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Is it ethical to deny genetic research participants individualised results?
  1. P Affleck
  1. Paul Affleck, Section of Epidemiology and Biostatistics, Leeds Institute of Molecular Medicine, Cancer Genetics Building, St James’s University Hospital, Leeds LS9 7TF, UK; p.a.affleck{at}


This article examines a key ethical concern that has arisen in the work of the international research consortium GenoMEL ( and that has relevance to all genetic research in humans. The question is whether it is ethical to deny research participants the opportunity to receive individualised genetic results obtained from the biological samples they provide. Where those results are of clinical importance, a “respect for persons” requirement would make the offering of those results imperative. However, where those results are of uncertain clinical value, the picture is less clear. This paper argues that researchers may not be ethically obliged to offer such results to their participants, because of competing ethical demands.

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Our burgeoning genetic knowledge is greatly enhancing our understanding of human disease and creating new avenues for prevention and treatment. Recent research has identified genetic variants that predispose some people to malignant melanoma. In certain parts of the world, tests for these variants are offered as part of clinical care, but the general view is that these tests are still primarily a research tool.1

Researchers using tests for known genetic variants that predispose a person to malignant melanoma are faced with a dilemma: should research participants be offered their individual test results? Between groups in the international melanoma research consortium GenoMEL, there is no common practice—approximately half offer individualised results to participants while the other half do not. Intriguingly, where there is more than one group in a particular country, those groups often have conflicting approaches. In the UK, for example, the GenoMEL group in Glasgow offers individualised results, whereas the one in Leeds does not. All GenoMEL groups have local ethical approval for their studies.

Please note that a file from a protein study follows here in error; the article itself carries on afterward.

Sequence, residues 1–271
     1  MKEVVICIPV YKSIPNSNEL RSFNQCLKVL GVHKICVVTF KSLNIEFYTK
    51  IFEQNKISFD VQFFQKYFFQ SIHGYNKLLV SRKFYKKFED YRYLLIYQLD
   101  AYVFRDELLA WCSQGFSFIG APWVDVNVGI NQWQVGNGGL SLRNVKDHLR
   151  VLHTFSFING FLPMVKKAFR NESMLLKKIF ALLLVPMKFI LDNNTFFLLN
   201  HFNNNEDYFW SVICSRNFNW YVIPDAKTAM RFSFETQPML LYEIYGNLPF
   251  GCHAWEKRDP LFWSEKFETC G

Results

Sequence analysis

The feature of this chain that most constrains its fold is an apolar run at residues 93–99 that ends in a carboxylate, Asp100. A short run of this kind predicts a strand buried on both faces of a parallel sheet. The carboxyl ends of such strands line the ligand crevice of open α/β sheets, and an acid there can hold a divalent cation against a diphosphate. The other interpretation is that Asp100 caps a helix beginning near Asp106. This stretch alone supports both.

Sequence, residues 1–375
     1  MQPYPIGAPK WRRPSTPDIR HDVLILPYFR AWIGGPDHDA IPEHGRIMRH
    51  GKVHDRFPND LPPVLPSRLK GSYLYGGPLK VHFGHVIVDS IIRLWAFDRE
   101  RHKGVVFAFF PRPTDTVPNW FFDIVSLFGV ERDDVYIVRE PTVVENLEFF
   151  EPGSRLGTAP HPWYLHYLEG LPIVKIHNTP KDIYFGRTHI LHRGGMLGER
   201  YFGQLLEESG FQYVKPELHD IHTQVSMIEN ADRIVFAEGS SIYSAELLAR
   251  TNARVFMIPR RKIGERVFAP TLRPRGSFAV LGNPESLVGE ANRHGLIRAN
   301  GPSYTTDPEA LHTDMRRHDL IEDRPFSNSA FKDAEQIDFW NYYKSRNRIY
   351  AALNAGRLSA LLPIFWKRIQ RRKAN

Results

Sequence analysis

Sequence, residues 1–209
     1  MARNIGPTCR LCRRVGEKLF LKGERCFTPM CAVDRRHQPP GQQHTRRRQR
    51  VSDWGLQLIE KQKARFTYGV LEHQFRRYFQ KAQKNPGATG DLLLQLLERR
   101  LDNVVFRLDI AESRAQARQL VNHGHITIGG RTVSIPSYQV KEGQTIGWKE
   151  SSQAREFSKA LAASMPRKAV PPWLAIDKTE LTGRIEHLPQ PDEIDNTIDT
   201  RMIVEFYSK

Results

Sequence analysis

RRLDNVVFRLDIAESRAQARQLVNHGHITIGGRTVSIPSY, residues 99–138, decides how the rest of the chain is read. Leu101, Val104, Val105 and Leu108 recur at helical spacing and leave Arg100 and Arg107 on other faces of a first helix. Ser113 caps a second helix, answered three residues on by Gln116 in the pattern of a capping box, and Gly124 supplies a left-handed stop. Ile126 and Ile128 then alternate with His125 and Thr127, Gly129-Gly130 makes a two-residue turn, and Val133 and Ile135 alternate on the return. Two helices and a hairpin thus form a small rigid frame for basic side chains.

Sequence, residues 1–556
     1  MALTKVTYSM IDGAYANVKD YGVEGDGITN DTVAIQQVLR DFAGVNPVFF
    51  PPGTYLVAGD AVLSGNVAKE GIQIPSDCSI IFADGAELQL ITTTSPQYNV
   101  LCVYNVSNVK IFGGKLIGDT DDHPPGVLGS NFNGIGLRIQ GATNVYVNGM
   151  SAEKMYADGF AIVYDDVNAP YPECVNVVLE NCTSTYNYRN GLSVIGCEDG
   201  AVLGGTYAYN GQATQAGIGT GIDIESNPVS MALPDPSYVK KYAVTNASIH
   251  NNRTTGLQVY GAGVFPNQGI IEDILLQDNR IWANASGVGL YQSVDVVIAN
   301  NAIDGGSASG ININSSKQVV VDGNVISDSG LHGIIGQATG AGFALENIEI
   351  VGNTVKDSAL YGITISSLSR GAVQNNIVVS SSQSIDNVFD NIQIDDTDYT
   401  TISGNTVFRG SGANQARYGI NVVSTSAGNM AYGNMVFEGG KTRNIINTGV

So which position is ethically correct? Or are both positions permissible, with the result that the researchers can choose? Alternatively, does it depend on local conditions? First it would seem sensible to consider why any research results need to be offered to research participants in the first place.


Guidance in general research

The right to self-governance is usually regarded as a core bioethical precept, and as Beauchamp and Childress state, “respect for the autonomous choices of persons runs as deep in common morality as any principle”.2 To make autonomous choices, an individual needs access to information upon which to base their decisions. This “respect for persons” would seem to imply a pro tanto duty (a duty that has some weight but may not be conclusive) to offer research participants any results. For the purposes of this paper, a research “result” is simply regarded as a new piece of information that may relate to a particular individual.